Peter R de Vries: Dutch criminal journalist injured in Amsterdam shooting

A prominent Dutch crime journalist has been seriously wounded after being shot on a street in Amsterdam.

Police say Peter R de Vries was taken to hospital in a serious condition after being shot in the city centre on Tuesday evening, minutes after appearing on a TV chat show.

Five shots were fired at close range and Mr de Vries, 64, was hit in the head, local media report.

Police say they have arrested three people in connection with the shooting.

Two suspects were arrested in a car on the A4 motorway at Leidschendam, and a third in Amsterdam, with the gunman believed to be among them.

‘Heartless attack’

Mr de Vries was previously given police protection after receiving threats for his involvement in criminal cases as an investigative journalist and in court.

The mayor of Amsterdam, Femke Halsema, said he was “fighting for his life” and condemned his shooting as a “cruel, heartless attack”.

Police are appealing for witnesses and CCTV footage of the shooting but are asking people not to share the material on social media.

The shooting has shaken the Netherlands, and messages of support for the investigative journalist have come from many leading figures, including royalty.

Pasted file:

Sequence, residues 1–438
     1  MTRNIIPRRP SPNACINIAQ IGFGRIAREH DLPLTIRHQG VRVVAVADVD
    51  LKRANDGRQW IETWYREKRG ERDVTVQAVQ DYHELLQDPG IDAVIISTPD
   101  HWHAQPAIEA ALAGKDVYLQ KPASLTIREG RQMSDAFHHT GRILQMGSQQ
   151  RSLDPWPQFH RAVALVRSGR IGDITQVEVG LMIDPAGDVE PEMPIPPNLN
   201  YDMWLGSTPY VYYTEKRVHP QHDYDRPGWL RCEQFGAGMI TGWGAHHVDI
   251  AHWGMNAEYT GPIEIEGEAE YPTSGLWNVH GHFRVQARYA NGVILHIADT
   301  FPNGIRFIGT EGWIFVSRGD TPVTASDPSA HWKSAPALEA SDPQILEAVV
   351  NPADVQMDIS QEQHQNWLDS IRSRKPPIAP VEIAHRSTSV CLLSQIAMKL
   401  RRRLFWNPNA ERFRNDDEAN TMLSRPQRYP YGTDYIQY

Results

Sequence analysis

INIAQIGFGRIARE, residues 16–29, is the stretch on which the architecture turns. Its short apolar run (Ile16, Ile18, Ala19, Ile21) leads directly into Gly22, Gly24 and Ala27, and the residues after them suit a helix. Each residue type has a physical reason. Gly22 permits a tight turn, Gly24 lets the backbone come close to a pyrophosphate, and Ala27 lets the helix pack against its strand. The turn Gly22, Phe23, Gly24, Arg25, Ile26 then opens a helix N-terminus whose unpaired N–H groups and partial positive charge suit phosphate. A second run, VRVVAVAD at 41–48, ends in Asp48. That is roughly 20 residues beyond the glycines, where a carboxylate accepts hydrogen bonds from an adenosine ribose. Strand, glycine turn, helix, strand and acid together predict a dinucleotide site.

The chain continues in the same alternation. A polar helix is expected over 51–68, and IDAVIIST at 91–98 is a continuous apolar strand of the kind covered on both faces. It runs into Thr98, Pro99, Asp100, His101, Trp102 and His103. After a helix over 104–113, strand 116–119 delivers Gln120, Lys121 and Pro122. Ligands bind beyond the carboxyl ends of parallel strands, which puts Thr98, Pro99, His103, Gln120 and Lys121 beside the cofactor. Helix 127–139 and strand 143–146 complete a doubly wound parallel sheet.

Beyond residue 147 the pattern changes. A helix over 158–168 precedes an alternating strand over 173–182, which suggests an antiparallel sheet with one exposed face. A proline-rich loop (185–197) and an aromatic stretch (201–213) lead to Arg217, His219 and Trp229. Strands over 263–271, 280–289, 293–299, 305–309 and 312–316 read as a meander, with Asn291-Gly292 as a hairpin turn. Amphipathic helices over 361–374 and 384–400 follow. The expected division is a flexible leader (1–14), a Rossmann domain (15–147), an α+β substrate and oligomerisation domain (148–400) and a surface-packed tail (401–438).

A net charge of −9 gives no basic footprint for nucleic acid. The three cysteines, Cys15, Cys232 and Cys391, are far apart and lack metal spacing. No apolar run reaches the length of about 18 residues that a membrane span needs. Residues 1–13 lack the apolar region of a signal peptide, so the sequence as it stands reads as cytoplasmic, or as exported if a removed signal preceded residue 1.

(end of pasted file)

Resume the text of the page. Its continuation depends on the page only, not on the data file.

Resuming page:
King Willem-Alexander and Queen Máxima said they were “deeply shocked” and that “journalists must be unthreatened and free to do their important work.”

Hope and pray’

Dutch Prime Minister Mark Rutte gave a news conference after meeting counter-terrorism officials and police in The Hague.

Mr Rutte said free journalism was “crucial for society” and acknowledged the anger and devastation witnessed in response to the attack.

“Our thoughts are with Peter R de Vries’ loved ones. The most important thing, we hope and pray he survives,” he said.

Justice Minister Ferd Grapperhaus paid tribute to an “extraordinary journalist”, calling Mr de Vries an “admirable warrior against injustice for the underdog”.

Court role

As a reporter, he has covered numerous high-profile crimes, including the 1983 kidnapping of beer magnate Freddy Heineken.

In 2013 Heineken’s kidnapper, Willem Holleeder, was convicted of making threats against Mr de Vries.

One of the Netherlands’ most notorious gangsters, Holleeder was given a life sentence in 2019 for his involvement in five murders.

Mr de Vries won an Emmy for his investigative work on the killing of Natalee Holloway, a US teenager who disappeared on the Caribbean island of Aruba in 2005.

Dutch broadcaster NOS said he frequently acted as a spokesperson or confidant for witnesses in police or court cases.

It said he had been acting as an adviser to Nabil B, a state witness testifying in the case against Ridouan Taghi, an alleged drug kingpin.

The Moroccan-Dutch suspect and his associates are currently on trial in the Netherlands for murder and drug trafficking.

Until his arrest in Dubai in late 2019, Mr Taghi had been listed among Europe’s most-wanted fugitives by the EU police agency Europol.

A former gang member, Nabil B is said to be a key witness in the trial.

The case has already sent shock waves through Netherlands after Nabil B’s previous lawyer Derk Wiersum was assassinated in front of his Amsterdam home in September 2019.

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